U.S. President Lyndon Johnson giving Senator Richard Russell the "treatment" in the White House Cabinet Room on December 17, 1963Newly Virtual Politics: Choices
Pandemic or not, workplace politics marches on, though politics might take slightly different forms in a pandemic. Those different forms make new choices available, and render some formerly effective choices ineffective.

See also Conflict Management and Problem Solving and Creativity for more related articles.

Forthcoming issues of Point Lookout

Bottom: Aerial view of the Forth Bridge, Edinburgh, Scotland. Top: Inside the Forth Rail Bridge, from a ScotRail 158 on August 22, 1999.Coming June 1: Mental Accounting and Technical Debt
In many organizations, technical debt has resisted efforts to control it. We've made important technical advances, but full control might require applying some results of the behavioral economics community, including a concept they call mental accounting. Available here and by RSS on June 1.
A goose and goslingsAnd on June 8: Flexible Queue Management
In meetings of 5-30 participants, managing the queue of contributors can be challenging. A strict first-in-first-out order can cause confusion and waste of time if important contributions are delayed. Some meetings need more flexible queue management. Available here and by RSS on June 8.

Coaching services

I offer email and telephone coaching at both corporate and individual rates. Contact Rick for details at rbrenEQuetChPjwYBDxmgner@ChacxXTxBssoFmfDfMugoCanyon.com or (650) 787-6475, or toll-free in the continental US at (866) 378-5470.

Get the ebook!

Past issues of Point Lookout are available in six ebooks:

Reprinting this article

Are you a writer, editor or publisher on deadline? Are you looking for an article that will get people talking and get compliments flying your way? You can have 500-1000 words in your inbox in one hour. License any article from this Web site. More info

Public seminars

The Power Affect: How We Express Our Personal Power

Many The Power Affect: How We Express Personal Powerpeople who possess real organizational power have a characteristic demeanor. It's the way they project their presence. I call this the power affect. Some people — call them power pretenders — adopt the power affect well before they attain significant organizational power. Unfortunately for their colleagues, and for their organizations, power pretenders can attain organizational power out of proportion to their merit or abilities. Understanding the power affect is therefore important for anyone who aims to attain power, or anyone who works with power pretenders. Read more about this program.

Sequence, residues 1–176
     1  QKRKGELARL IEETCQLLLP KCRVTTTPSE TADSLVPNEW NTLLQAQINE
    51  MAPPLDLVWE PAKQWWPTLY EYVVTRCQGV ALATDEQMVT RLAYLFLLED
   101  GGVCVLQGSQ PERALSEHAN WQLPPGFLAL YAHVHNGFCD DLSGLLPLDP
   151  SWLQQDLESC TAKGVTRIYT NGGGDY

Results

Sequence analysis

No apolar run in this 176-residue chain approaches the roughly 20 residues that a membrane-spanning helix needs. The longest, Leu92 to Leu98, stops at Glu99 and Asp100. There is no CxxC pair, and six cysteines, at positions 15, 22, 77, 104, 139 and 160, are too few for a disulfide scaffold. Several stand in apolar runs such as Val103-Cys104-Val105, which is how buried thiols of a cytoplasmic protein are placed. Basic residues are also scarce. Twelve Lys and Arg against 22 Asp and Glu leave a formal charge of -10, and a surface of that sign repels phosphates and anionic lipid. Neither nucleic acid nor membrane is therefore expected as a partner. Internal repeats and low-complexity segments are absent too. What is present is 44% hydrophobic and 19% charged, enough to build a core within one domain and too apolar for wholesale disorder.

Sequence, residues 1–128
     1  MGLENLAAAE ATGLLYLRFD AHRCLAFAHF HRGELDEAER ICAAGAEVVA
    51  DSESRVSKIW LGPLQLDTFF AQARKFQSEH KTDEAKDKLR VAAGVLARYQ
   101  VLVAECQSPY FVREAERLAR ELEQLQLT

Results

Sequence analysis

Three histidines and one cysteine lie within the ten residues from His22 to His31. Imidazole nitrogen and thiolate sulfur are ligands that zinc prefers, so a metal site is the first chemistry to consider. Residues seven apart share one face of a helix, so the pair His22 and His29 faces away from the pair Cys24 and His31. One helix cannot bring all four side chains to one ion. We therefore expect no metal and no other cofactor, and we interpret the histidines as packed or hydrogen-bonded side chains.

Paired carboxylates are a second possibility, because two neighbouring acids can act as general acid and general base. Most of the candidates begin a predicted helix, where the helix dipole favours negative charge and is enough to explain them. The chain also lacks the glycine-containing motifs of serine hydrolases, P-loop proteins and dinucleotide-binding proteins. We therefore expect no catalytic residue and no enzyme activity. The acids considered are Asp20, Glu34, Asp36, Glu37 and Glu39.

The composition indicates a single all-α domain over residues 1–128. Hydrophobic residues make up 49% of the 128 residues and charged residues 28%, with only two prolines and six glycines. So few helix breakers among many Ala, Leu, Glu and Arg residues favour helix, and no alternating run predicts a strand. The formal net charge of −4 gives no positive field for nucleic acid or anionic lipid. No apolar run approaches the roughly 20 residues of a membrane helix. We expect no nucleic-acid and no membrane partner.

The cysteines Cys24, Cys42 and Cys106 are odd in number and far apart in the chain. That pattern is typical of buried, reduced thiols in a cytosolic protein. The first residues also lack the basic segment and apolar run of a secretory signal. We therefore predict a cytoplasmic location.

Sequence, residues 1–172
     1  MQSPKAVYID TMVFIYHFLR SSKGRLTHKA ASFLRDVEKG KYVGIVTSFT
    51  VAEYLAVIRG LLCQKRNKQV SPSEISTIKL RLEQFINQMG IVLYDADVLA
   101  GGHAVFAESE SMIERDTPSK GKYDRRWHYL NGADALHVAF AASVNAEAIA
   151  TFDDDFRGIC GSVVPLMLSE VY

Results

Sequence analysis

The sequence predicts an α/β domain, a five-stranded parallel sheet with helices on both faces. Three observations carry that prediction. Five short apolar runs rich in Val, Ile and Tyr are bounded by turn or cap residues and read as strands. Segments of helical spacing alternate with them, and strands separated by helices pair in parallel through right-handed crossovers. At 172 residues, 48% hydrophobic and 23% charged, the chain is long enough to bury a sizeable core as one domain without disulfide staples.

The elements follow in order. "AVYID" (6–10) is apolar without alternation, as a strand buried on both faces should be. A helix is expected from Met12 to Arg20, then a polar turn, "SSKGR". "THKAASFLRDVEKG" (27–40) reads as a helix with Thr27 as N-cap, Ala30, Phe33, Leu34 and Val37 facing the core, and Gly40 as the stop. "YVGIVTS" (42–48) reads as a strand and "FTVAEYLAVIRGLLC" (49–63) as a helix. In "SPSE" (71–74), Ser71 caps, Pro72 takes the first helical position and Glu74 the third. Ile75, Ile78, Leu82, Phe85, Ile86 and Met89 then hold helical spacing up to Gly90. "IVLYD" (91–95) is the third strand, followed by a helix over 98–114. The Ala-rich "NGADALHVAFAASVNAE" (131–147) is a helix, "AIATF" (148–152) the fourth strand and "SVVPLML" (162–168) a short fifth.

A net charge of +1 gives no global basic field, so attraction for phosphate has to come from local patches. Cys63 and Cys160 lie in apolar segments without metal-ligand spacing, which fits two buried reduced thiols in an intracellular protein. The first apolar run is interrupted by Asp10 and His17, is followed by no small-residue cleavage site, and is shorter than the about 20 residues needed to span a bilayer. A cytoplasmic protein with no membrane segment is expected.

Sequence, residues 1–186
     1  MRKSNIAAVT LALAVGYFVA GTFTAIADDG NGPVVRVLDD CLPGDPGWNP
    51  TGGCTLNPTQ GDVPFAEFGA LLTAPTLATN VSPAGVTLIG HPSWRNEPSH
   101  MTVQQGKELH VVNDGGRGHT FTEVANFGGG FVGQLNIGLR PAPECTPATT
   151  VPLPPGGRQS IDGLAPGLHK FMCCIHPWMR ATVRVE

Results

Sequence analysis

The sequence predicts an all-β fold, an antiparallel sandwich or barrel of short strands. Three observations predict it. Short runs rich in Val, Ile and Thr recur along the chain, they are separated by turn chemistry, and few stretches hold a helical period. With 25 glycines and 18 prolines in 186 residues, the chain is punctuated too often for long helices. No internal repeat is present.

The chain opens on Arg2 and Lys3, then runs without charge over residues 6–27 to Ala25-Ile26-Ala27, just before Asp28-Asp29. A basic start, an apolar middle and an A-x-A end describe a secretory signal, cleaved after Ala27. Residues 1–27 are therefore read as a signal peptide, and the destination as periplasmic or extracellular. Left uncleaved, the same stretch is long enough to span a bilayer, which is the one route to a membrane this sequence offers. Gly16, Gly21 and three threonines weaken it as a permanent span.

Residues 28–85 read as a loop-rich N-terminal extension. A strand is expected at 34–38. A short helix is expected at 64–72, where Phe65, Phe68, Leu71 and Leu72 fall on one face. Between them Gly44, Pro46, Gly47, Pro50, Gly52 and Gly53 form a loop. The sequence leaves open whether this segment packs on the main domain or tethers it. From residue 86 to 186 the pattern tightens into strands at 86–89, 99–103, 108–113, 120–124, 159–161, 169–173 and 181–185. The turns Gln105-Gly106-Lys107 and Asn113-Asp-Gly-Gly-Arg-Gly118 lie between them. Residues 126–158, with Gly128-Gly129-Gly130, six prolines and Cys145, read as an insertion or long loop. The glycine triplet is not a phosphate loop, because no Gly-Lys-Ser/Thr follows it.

Bullet Points: Mastery or Madness?

DecisBullet Point Madnession makers in modern organizations commonly demand briefings in the form of bullet points or a series of series of bullet points. But this form of presentation has limited value for complex decisions. We need something more. We actually need to think. Briefers who combine the bullet-point format with a variety of persuasion techniques can mislead decision makers, guiding them into making poor decisions. Read more about this program.

Follow Rick

Send email or subscribe to one of my newsletters Follow me at LinkedIn Follow me at Twitter, or share a tweet Subscribe to RSS feeds Subscribe to RSS feeds
The message of Point Lookout is unique. Help get the message out. Please donate to help keep Point Lookout available for free to everyone.
Technical Debt for Policymakers BlogMy blog, Technical Debt for Policymakers, offers resources, insights, and conversations of interest to policymakers who are concerned with managing technical debt within their organizations. Get the millstone of technical debt off the neck of your organization!
Go For It: Sometimes It's Easier If You RunBad boss, long commute, troubling ethical questions, hateful colleague? Learn what we can do when we love the work but not the job.
303 Tips for Virtual and Global TeamsLearn how to make your virtual global team sing.
101 Tips for Managing ChangeAre you managing a change effort that faces rampant cynicism, passive non-cooperation, or maybe even outright revolt?
101 Tips for Effective MeetingsLearn how to make meetings more productive — and more rare.
Exchange your "personal trade secrets" — the tips, tricks and techniques that make you an ace — with other aces, anonymously. Visit the Library of Personal Trade Secrets.
If your teams don't yet consistently achieve state-of-the-art teamwork, check out this catalog. Help is just a few clicks/taps away!
Ebooks, booklets and tip books on project management, conflict, writing email, effective meetings and more.